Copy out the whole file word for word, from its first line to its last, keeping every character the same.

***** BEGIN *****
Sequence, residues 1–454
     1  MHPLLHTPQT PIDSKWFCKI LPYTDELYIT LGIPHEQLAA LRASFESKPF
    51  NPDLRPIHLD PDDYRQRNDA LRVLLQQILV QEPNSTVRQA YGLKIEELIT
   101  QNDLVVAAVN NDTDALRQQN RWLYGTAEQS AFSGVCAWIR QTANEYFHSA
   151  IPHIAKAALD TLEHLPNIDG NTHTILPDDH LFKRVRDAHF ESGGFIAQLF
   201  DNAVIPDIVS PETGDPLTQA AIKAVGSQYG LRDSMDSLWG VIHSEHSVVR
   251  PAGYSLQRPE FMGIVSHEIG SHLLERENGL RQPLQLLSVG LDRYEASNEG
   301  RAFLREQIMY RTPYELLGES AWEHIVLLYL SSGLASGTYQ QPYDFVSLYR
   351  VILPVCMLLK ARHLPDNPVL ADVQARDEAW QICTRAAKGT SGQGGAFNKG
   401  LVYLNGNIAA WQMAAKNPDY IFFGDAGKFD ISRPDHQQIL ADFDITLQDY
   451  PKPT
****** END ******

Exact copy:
Sequence, residues 1–454
     1  MHPLLHTPQT PIDSKWFCKI LPYTDELYIT LGIPHEQLAA LRASFESKPF
    51  NPDLRPIHLD PDDYRQRNDA LRVLLQQILV QEPNSTVRQA YGLKIEELIT
   101  QNDLVVAAVN NDTDALRQQN RWLYGTAEQS AFSGVCAWIR QTANEYFHSA
   151  IPHIAKAALD TLEHLPNIDG NTHTILPDDH LFKRVRDAHF ESGGFIAQLF
   201  DNAVIPDIVS PETGDPLTQA AIKAVGSQYG LRDSMDSLWG VIHSEHSVVR
   251  PAGYSLQRPE FMGIVSHEIG SHLLERENGL RQPLQLLSVG LDRYEASNEG
   301  RAFLREQIMY RTPYELLGES AWEHIVLLYL SSGLASGTYQ QPYDFVSLYR
   351  VILPVCMLLK ARHLPDNPVL ADVQARDEAW QICTRAAKGT SGQGGAFNKG
   401  LVYLNGNIAA WQMAAKNPDY IFFGDAGKFD ISRPDHQQIL ADFDITLQDY
   451  PKPT